“Where are you from?”
It always seems to be one of the first things that comes up in conversation, and I’ve never known how to answer it. I was born on a military base, and being a military kid means that you don’t get to be from anywhere. You grow up bouncing from town to town. You learn how to blend in. You learn how to adopt accents and mannerisms that make people feel comfortable around you, even though you’re always from somewhere else. I can’t tell you where I’m from, but I can make a very long list of where I’ve been.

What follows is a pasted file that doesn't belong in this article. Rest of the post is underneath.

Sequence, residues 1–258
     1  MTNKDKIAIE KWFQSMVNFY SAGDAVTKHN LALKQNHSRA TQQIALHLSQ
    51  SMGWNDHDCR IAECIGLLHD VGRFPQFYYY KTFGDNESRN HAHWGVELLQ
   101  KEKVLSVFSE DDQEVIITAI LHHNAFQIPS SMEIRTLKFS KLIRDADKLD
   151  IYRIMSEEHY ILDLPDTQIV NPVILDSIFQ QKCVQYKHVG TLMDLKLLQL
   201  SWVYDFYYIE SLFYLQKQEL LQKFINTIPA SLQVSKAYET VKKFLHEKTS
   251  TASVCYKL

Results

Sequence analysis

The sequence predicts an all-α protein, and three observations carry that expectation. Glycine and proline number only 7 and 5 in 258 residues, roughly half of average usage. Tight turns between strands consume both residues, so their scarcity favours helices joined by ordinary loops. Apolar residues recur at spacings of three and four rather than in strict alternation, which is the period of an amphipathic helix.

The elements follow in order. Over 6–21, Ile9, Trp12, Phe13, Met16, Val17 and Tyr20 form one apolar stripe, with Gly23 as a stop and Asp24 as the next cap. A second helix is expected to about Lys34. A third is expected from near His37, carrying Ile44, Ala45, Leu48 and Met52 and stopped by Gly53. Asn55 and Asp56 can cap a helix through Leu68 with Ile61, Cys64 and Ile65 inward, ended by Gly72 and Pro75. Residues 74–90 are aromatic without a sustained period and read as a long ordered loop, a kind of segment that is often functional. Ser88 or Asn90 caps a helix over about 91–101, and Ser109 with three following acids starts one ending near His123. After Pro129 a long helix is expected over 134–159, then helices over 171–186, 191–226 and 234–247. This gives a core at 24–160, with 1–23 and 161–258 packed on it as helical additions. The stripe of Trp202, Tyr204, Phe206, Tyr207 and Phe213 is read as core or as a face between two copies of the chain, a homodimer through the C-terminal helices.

I’m pretty sure that I’m an American, and I’m pretty sure that I make American music. Although one old fellow in a pub in Rathmelton, Co. Donegal disagreed with that. He pounded the bar and said, “Don’t you believe it. You’re from here.” Taking the long view, he wasn’t wrong. I had been to the family gravesite earlier that same day.
Wherever I’m from — wherever I’ve been — these songs must be from there, too. I’ve written them in train stations, learned them on the sides of mountains or in pubs long after midnight, played them on street corners in cities around the world. I’ve given up trying to define them, to say what they are. I just know that they’re right, that they fit me, and that they move me along from wherever I’ve been to wherever I’m going.
Shoulder your pack and travel with me for a bit.